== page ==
Walking in, I’m greeted by the quiet stillness of the hallway. My shoe box is on the immediate right. The small doorknob that permits me access is often the place of rest for my wet umbrella. I used to have a pink rug edged in lace there until I got paranoid there was mold/bug eggs embedded in the carpeting. All of the floors, with the exception of the bathroom, are made of wood. I want to find the idiot that put the laminate down because he could have cleaned better beforehand. My parents already know how much the dust drives me crazy. What’s nice is that I feel a little more at home after noticing the dust bunnies behave in the same manner as at home.

After a few feet, you’ll notice the sorry cubbyhole that is my kitchen and pantry on the left and my laundry “room” on the right with the bathroom being immediately next to it. I can’t stress the amount of times I’ve stepped out of that place and almost killed myself slipping. In home improvement stores, I see small benches and chairs specifically for the bathroom, but I may just use one as a stepping stone from the tile to the laminate. At least the space is cramped enough I won’t have far to fall.

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Before the “remodel.”
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After the “remodel.”

The kitchen space, as previously mentioned, comes with a microwave, fridge and storage space. I don’t care too much for the storage because I’m used to such luxuries as a garage and mass amounts of shelving that allow me the opportunity to organize and avoid burying things that need to get eaten sooner rather than later. Microwaves cook hotter in Japan and they don’t light up when you open them. (I suppose I could count that as a blessing. I don’t have the chance to see the funk and gunk splattered on the inside.) At the time this picture was taken, I was recently moved in. Now, the following is crammed in there:

  • Panko bread crumbs
  • Tuna fish
  • Canned salmon
  • Sweet potato syrup packets
  • Instant miso soup packets
  • Pancake mix (I use this flour when I’m breading things)
  • Consommé soup packets
  • Hot chocolate mix
  • Rice seasonings (ふりかけ)
  • Instant oatmeal
  • Beef tomato soup

The fridge itself is very similar to an office unit but the freezer is more spacious. Unfortunately, during the writing of this installment, the fan on it decided to go out. The landlord was nice enough to offer English-speaking assistance and, between my company and theirs, my new unit should arrive this week. (I just hope my kitchen wagon still fits in its space. It’s where I store my dishes.) I’ve quickly discovered that, if I shop like an American and act like the world is going to end, things go bad in there startlingly fast.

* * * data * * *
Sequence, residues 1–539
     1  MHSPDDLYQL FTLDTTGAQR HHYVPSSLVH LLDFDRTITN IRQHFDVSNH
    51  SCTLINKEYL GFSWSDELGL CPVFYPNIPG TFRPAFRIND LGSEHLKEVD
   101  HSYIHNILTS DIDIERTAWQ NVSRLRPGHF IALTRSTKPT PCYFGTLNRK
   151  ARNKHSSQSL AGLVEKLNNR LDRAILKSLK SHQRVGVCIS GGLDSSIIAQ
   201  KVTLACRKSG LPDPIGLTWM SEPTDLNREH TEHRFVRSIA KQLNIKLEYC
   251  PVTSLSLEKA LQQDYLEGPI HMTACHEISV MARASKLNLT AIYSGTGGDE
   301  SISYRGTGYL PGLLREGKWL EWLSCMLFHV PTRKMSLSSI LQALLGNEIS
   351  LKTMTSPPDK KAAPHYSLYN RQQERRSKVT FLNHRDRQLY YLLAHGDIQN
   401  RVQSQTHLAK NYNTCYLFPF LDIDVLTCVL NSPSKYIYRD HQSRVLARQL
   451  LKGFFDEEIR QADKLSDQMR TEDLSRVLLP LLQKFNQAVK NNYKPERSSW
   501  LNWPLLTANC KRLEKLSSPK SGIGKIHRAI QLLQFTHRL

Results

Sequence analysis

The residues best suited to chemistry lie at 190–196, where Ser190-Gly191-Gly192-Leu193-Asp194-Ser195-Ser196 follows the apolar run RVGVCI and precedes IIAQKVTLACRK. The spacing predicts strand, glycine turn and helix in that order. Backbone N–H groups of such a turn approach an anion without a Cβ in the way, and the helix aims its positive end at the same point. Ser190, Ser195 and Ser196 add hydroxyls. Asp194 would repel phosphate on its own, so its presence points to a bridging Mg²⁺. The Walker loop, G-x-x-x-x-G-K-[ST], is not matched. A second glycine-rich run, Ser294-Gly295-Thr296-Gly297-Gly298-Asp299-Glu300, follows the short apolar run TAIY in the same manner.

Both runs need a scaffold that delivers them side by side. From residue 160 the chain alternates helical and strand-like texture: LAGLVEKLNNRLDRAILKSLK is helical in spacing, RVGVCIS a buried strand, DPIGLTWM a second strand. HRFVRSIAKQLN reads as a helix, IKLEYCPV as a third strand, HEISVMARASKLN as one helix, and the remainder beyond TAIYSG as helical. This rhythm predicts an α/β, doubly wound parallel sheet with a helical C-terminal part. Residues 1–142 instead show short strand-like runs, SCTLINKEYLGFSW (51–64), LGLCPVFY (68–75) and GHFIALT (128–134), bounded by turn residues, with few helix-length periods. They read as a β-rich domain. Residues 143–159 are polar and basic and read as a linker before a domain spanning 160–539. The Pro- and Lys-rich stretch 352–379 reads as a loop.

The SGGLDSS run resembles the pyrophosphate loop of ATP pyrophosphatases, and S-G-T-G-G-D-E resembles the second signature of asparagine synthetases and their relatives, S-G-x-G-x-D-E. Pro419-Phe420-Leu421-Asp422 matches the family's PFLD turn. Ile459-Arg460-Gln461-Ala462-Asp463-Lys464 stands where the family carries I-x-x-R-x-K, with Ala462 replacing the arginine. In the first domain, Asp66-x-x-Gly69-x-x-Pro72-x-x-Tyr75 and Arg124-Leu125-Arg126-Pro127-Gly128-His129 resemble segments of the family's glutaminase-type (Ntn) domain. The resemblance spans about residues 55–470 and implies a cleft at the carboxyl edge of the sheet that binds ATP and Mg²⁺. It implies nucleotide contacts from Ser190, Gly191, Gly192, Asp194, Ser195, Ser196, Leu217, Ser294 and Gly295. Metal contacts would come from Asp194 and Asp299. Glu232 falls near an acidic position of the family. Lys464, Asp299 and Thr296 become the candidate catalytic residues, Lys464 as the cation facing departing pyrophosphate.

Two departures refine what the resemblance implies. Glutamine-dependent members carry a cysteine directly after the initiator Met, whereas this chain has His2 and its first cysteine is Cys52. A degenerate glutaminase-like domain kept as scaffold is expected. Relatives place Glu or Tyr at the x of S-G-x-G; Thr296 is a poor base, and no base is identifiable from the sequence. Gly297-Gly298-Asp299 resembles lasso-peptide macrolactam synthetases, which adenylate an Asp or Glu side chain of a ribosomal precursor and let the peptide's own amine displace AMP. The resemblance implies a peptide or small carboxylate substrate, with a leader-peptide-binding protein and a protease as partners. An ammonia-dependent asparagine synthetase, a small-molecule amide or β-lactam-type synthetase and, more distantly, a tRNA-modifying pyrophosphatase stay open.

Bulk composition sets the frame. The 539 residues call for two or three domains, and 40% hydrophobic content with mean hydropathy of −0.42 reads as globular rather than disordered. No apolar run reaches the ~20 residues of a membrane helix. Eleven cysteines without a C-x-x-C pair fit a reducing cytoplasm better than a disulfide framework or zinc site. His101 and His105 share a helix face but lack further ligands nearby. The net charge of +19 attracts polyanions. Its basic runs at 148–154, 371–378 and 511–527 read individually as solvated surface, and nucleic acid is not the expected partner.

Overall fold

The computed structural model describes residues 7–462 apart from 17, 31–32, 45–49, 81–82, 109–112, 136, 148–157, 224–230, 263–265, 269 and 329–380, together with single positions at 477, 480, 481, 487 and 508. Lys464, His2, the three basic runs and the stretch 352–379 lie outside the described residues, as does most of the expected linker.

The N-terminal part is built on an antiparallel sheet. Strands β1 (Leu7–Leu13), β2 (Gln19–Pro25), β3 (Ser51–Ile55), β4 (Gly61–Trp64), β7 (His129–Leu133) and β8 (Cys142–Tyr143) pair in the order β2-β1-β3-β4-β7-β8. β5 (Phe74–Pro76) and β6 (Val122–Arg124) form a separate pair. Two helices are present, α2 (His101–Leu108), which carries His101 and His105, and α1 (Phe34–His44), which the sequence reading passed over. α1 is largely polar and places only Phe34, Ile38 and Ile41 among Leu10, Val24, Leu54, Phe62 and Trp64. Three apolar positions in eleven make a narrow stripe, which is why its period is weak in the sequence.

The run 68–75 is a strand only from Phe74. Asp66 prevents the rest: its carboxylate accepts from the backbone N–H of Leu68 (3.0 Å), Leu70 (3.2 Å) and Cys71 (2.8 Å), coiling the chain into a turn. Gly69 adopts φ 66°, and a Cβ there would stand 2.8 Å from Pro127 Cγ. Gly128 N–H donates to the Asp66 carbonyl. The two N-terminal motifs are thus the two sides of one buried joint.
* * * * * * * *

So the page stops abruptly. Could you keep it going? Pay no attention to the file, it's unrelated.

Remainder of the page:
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The infamous kitchen wagon.

I have issues with the cooking range and not because it’s electric. Coming to Japan, I didn’t realize I would be asked to go from a full four-burner gas-powered stove to a dinky two-burner contraption. Again, I shouldn’t look a gift horse in the mouth because if a natural disaster happened, I wouldn’t have to worry about the stove blowing up on me. The sink is nothing special; nor is the tiny cabinet above it.

Across from the “kitchen” is the W.C. I can’t say bathroom anymore because the toilet room is definitely not where I would take a shower. It’s interesting how quickly I got over the novelty that is the Japanese toilet. All units differ in the options and features available. Mine comes with a sink that uses the water from the tank and a bidet that will clean my backside whenever I desire. My favourite feature is the heated seat.

After the short journey through that half of the apartment, we come to the anti-climax of my story: the bedroom. The only cool thing about this place is the outside monitor. It’s the “only window to the outside world.” (Did you catch that reference?) Beats peeking through a peep hole. Also, I hate the storage space under the bed. It’s dark and spooky and, when I first moved in, this was the spiders’ favourite place to hang out. I now have my luggage under there and make sure to move them around when I clean.

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This is probably the cleanest the place has been.

I do my best with what I have and can see myself becoming comfortable. Now, if only I can get over this cold/flu/whatever the hell it is. (Side note: nothing is scarier than looking for cold medicine when you can’t read the characters on the boxes. So, I’ve been treating with ibuprofen and vitamins.)